Week 4 Exercise 5

I have the following error message, any suggestion as how to fix it?

AL = [[0.03921668 0.58927854 0.00277513 0.04728177]]
Error: Wrong output for variable 0.
Error: Wrong output for variable 0.
Error: Wrong output for variable 1.
2 Tests passed
1 Tests failed

The expected AL is supposed to be:

``````AL = [[0.03921668 0.70498921 0.19734387 0.04728177]]
``````

I found out the reason, given

``````J = caches[len(caches)-1][1]
``````

The following won’t work

``````AL, cache = linear_activation_forward(J, parameters['W' + str(L)], parameters['b' + str(L)], activation = "sigmoid")
``````

But this one works:

``````AL, cache = linear_activation_forward(A, parameters['W' + str(L)], parameters['b' + str(L)], activation = "sigmoid")
``````

However, the following is true:

``````assert(A.any() == J.any())
``````

Any one could explain?

Why are you using caches as input in forward propagation? The point of the caches is that they are used to pass values to backward propagation, right? In forward prop, you’ve already got what you need ready to hand.

But here is the structure of one cache entry:

`((A, W, b), Z)`

The caches variable is a python list of entries like that. Each one is a 2-tuple, the first element of which is a 3-tuple. So if you take index [1] of that you get Z, right? If you wanted the A value from the first element, that would be caches[-1][0][0]. But as we discussed above, you should already have the relevant A value from the previous layer sitting in a local variable anyway, so you’re just making it way more complicated to dig it out of the caches variable.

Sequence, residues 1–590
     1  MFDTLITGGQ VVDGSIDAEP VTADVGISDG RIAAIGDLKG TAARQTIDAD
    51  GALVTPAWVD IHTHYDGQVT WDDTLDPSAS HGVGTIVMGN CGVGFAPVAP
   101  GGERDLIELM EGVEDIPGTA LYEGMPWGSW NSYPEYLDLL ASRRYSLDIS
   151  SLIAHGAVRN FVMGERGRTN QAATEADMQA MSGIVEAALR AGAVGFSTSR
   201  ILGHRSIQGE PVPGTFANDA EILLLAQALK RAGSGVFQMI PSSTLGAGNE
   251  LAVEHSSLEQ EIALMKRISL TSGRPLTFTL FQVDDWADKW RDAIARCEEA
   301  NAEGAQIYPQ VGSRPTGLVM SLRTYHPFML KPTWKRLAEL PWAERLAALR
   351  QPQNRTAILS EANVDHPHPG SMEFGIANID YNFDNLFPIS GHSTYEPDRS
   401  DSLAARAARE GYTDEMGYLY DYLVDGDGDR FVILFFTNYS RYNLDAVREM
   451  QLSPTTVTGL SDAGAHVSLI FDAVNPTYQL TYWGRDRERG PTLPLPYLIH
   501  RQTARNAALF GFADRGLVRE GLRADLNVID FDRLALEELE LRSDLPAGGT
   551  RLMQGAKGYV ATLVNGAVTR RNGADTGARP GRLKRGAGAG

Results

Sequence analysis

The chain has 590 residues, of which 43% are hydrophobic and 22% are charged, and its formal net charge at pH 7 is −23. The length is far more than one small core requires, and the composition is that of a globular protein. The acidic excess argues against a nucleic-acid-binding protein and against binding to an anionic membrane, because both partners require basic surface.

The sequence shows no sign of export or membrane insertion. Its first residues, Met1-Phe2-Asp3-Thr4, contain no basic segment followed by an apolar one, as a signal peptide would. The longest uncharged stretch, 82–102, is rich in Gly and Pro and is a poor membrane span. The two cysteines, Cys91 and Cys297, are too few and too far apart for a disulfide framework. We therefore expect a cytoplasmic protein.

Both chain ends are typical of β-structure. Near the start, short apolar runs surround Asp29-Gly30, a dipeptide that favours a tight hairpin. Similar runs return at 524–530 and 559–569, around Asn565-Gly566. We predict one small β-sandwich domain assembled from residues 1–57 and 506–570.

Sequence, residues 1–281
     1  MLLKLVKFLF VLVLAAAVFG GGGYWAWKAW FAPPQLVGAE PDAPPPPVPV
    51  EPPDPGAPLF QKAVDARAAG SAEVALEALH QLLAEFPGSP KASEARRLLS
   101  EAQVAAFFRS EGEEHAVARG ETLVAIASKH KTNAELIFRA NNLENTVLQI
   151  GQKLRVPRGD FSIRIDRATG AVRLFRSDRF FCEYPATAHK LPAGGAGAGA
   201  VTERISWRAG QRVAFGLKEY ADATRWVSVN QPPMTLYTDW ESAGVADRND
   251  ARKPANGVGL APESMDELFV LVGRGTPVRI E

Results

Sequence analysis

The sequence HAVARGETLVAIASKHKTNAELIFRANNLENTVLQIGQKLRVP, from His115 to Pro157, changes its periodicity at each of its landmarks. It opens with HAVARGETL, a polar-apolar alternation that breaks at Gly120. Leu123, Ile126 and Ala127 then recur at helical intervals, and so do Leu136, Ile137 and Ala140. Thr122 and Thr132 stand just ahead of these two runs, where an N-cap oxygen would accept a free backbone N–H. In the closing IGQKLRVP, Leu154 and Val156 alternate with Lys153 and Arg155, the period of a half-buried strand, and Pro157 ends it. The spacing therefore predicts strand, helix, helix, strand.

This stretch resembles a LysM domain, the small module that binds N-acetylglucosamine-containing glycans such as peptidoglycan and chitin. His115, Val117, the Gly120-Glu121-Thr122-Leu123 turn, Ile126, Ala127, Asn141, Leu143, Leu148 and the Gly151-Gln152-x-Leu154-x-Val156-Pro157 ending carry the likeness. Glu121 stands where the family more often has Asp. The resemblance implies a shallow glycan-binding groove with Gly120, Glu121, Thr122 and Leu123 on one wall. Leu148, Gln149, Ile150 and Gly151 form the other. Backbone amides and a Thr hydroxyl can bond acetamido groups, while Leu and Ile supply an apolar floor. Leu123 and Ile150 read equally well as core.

Also note that the normal notational convention here is to use J for the scalar cost value (the average of the loss over the samples in the current batch).

I think you are also probably misinterpreting what the numpy `any()` method does. What A.any() evaluates to is True (scalar) if any element of A is non-zero. So you are asserting that either both A and J each contain at least one non-zero element or both of them contain only False (0) values. As I hope you would agree, that doesn’t really tell you anything useful in this instance.